Kola Nuts (Obi):  It requires a divination system for a priest to work with this orisa. It is also important to note that its Kola nuts divination practice is totally different. 

In addition, Duck/cock are animals related to this goddess.

Taboos, Praises and Worship of Ayelala 

Week (Taboos)

Ayelala Goddess
Photo Credit: babamichaelobatala on Instagram

They are social or cultural restrictions that dictate certain behaviors, actions, or subjects that people consider forbidden, impure, or unacceptable within a particular society or community. 

1. The Priests and Ayelala Victim: According to the tradition, the priest of Ayelala should not take anything that belongs to the Ayelala victim. Instead, they should pack these items and the priest will take them to Igbo oro (the sacred forest).

2. Mourning and Burial: Another taboo within the tradition of this goddess is that they should not mourn or bury the victim in the house. 

3. Use of Palm Kernel: use of palm kernel as a means of worshiping Ayelala is considered a taboo. 

Praises (oriki) of Ayelala

Igbo, Igbo, Igbo,
Yeye, Yeye, Yeye,
Ore yeye, ore yeye, ore yeye,
Kawo o kabiyesile;
okekeluje oba obinrin,
A-ji-fotin we b-oyinbo,
A-ja-ma-jebiIgbo o…Ase.


Praise, Praise, Praise
Mother, Mother, Mother
The very mother, the very mother, the very mother Hail! Chief of the mother
The mighty and awesome Queen
She, who baths in gin like the foreign men,who take vengeance when the evil-doer has been forgotten,who can never be guilty when she takes action,
Praise o …
May it be so.

Worship mode 

Ayelala is a powerful and sacred orisha. Yoruba people respect this goddess for her role in punishing crimes and ensuring justice is served.

The worship of this orisha takes place regularly at the shrine, mostly in the morning. It simply involves the use of wine, accompanied by incantations and prayers. If someone is in need of this goddess assistance, the priest will arrange a worship session on their behalf.

Infact, during  this session, the person seeking help will bring a white plate containing kolanut (Obi) and a bottle of palm wine (Ogogoro). They will also present a sacrificial animal, which can be a goat or a hen, along with cowries, a red feather, and two yards of white garment.

In the presence of the priest (Olumale), the person involved will offer these items to the orisha as a means of seeking a solution to their problem. The priest will stand before the goddess, holding everything that the person brought, He will intercede on behalf of the person, appealing to her for assistance and guidance. 

Orisha Ayelala across tribes 

The spread of this goddess to other tribes beyond its traditional areas like Ilaje, and Ikale (Yoruba tribe) regions is a notable phenomenon. 

This expansion is obvious in regions like Benin and other parts of Edo State, showcasing how her influence extends towards the east.

The deity’s rise in these new territories reflects a cultural diffusion of religious practices and beliefs, highlighting the adaptability and acceptance of this  beyond its original boundaries.

Unlike some deities that may undergo modifications when adopted by new communities, This worship remains steadfast in its traditional form, infact, they are more scared of it than the original owners, which shows the deity’s role in upholding moral boundaries and seeking justice against various forms of social vices.

Orisha Ayelala across borders 

Orisha Ayelala, a deity in the Yoruba religious system, has crossed borders and can be found in various parts of the world.

 Notably, the Yoruba people and their culture are almost everywhere,which leads to the spread of the culture, with significant communities in the United Kingdom, Canada, the United States, Brazil and Latin America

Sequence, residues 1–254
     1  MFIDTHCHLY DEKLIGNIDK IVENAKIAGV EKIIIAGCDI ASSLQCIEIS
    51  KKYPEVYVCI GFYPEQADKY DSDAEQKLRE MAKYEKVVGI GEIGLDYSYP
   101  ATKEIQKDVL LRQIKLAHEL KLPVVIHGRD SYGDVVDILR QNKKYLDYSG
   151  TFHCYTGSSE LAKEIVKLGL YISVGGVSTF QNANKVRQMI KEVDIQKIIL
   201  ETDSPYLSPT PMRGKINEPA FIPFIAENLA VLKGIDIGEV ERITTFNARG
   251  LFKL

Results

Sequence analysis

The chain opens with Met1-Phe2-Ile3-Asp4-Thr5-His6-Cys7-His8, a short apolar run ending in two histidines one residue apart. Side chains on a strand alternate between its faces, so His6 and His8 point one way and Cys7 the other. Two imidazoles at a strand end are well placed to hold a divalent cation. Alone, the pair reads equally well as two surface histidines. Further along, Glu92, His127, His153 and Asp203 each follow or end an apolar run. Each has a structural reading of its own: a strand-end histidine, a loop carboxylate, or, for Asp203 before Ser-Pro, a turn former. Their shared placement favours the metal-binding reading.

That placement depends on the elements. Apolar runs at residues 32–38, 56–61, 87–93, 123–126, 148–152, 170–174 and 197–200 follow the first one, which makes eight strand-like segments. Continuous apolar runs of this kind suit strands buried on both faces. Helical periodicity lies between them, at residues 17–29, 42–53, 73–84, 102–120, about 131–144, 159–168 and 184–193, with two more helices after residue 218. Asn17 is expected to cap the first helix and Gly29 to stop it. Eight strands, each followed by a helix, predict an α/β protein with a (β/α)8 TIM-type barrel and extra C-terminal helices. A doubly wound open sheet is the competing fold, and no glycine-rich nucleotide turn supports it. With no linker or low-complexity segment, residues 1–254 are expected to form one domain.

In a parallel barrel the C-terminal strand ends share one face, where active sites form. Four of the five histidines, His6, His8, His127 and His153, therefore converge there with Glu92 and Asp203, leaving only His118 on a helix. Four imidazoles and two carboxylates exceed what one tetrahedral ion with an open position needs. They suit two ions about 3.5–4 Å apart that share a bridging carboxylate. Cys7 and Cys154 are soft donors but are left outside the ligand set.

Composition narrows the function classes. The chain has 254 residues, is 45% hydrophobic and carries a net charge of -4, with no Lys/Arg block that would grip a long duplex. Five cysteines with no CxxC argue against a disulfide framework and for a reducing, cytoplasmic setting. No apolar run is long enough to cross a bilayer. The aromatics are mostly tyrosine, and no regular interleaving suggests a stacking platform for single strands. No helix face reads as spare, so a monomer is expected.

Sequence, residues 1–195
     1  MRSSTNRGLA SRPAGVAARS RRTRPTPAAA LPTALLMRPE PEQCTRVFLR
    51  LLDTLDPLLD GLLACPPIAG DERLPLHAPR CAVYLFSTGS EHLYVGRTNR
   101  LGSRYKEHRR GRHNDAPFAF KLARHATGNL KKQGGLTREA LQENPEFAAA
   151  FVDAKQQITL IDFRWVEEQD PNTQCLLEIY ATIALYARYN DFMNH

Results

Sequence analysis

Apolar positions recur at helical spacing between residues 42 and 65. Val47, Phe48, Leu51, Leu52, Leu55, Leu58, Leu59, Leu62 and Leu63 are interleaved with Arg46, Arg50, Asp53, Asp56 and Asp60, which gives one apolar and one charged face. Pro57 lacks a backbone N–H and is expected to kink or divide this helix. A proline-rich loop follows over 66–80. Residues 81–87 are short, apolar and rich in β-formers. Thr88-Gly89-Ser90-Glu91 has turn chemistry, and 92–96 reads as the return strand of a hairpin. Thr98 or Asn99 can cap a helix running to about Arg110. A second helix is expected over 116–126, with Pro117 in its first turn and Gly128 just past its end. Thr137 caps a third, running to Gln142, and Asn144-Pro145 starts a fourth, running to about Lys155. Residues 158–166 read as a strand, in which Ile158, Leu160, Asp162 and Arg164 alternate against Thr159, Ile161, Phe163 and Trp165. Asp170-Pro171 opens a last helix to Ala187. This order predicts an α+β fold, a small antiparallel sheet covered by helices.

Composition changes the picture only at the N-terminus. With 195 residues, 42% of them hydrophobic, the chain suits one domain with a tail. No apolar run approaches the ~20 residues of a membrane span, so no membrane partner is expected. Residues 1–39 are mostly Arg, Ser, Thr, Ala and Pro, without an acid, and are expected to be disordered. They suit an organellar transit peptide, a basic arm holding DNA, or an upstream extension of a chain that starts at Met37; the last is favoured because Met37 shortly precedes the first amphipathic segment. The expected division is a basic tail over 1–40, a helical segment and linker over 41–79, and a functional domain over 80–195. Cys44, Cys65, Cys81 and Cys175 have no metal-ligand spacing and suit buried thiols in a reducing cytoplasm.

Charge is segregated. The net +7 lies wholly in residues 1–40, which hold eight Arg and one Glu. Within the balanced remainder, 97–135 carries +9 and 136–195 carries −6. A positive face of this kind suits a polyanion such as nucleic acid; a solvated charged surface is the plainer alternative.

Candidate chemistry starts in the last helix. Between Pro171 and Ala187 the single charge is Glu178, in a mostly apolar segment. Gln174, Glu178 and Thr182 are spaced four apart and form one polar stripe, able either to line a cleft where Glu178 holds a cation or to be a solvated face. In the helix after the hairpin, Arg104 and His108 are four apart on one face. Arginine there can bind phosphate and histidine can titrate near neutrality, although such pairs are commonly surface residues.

Firstly, Ayelala has deep roots in Togo, particularly among the Ewe people. In Togolese culture, They consider her a powerful and protective deity. 


Furthermore, people also venerated this orisha in Afro-Brazilian religions, particularly in Candomblé. 

Due to the transatlantic slave trade, people brought african traditions and deities, including Ayelala to Brazil by enslaved Africans.

North America.

Finally, the diaspora brought Ayelala worship to various parts of North America, particularly in communities with African diasporic traditions.

 In regions such as the United States and the Caribbean, practitioners of African diasporic religions, such as Santeria, Vodou, and Candomblé, continue to honor this orisha alongside other Orishas.

Furthermore, It is important to note that the specific practices, rituals, and beliefs surrounding Ayelala may differ in each of these regions, as per changes  by local cultural contexts and spiritual traditions. 

Nonetheless, this orisha presence across borders highlights the enduring significance and adaptability of this goddess beyond its original cultural and geographical origins.

Final Thoughts 

In conclusion, Ayelala is a Sacred deity in Yoruba mythology, people know her  for her role in justice and vengeance. Her devotees worship her through rituals and ceremonies, and her followers seek her guidance and protection. 

Infact, her influence is beyond Yoruba land, reaching other tribes and even crossing borders, showcasing the adaptability and acceptance of her power and significance in addressing societal issues.

Featured Image Credit: sudabeh.mortezai on Instagram

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Oluwaseun Ayodele

My name is Oluwaseun and I'm a freelance writer and nutritionist with a passion for exploring the rich cultural heritage of Yorubaland. I've always been fascinated by the beliefs and practices of traditional religions, and I'm thrilled to have had the opportunity to delve deeper into the world of Yoruba mythology and its many deities. As a writer, I enjoy crafting engaging and informative content that educates and entertains readers, and I believe that my background in nutrition helps me to approach health and wellness topics with a unique perspective. When I'm not writing or practicing yoga, you can find me exploring the great outdoors or indulging in my favorite foods.